I had no idea that when a friend gifted me with a copy of Reggie McNeal’s book The Present Future: Six Tough Questions for the Church that I was taking the first step on an incredible missional journey. This resource helped me to see missional truths that I had failed to see in the previous 40 years of my ministry. It helped me to see the mission of the church in a new way. This one event changed the focus of my life.
There are many impactful statements in McNeal’s book, but one metaphor stands out in my mind because it has influenced my ministry since 2004. It is the illustration of the surfer as a picture of the importance of preparation rather than planning for future ministry opportunities (waves).
McNeal describes a surfer waxing the surfboard, transporting it to the beach, and paddling out into the surf in search of the perfect wave. Sitting on the board facing the incoming waves, the surfer scans the horizon and waits to catch the wave that will propel him or her into a new reality. His metaphor was designed to help us understand the church’s role in kingdom ministry.
God is making waves all around the North American
church. Some churches are going to get to ride them.
These are the churches that are prepared to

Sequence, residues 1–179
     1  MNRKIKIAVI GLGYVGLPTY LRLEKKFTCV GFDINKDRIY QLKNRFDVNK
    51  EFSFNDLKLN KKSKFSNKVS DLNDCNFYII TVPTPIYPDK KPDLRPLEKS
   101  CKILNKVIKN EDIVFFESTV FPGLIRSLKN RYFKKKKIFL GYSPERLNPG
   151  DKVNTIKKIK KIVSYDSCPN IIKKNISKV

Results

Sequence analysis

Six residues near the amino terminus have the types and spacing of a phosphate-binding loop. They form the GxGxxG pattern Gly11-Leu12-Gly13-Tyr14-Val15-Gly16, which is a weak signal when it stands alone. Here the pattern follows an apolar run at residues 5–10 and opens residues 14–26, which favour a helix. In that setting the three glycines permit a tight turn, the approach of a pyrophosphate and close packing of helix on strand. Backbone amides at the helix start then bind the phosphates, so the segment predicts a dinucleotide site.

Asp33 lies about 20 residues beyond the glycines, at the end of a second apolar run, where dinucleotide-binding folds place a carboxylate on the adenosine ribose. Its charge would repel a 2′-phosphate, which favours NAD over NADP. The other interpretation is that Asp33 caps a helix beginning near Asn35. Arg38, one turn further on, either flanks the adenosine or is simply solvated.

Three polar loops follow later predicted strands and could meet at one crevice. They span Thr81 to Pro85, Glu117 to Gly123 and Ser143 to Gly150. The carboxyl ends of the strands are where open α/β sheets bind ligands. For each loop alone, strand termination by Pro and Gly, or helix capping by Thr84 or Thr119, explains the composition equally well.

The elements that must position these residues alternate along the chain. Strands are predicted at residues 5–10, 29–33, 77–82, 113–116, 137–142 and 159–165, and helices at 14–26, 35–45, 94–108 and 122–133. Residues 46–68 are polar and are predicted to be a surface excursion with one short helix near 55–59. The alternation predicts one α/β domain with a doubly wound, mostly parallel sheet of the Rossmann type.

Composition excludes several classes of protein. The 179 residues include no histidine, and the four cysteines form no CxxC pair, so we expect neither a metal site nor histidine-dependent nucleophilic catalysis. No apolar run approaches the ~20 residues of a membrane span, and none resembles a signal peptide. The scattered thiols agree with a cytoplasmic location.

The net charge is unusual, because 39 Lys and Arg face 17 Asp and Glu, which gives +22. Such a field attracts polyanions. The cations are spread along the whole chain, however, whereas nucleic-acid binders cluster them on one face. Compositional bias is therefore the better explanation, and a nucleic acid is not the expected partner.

get in on what God is up to.1
Waves have a limited lifespan. They appear, peak, and are gone in an instance. You only get one chance to ride a wave.
Ministry opportunities are like waves, so it is critical that churches have the ability to do the following:
- Realize that their environment is one of constant and rapid change
- Waves (opportunities) must be recognized while they are still on the horizon
- Preparation is critical: Be prepared to ride the wave when it comes
- It is all about timing: Be positioned to engage the opportunity at the proper time
- Know when the wave is over and it’s time to look for the next opportunity
There are waves (mission opportunities) all around us. The word to the church is the cry of the surfer – SURF’S UP!
1McNeal, Reggie. The Present Future (Jossey-Bass Leadership Network Series) (p. 92). Wiley. Kindle Edition.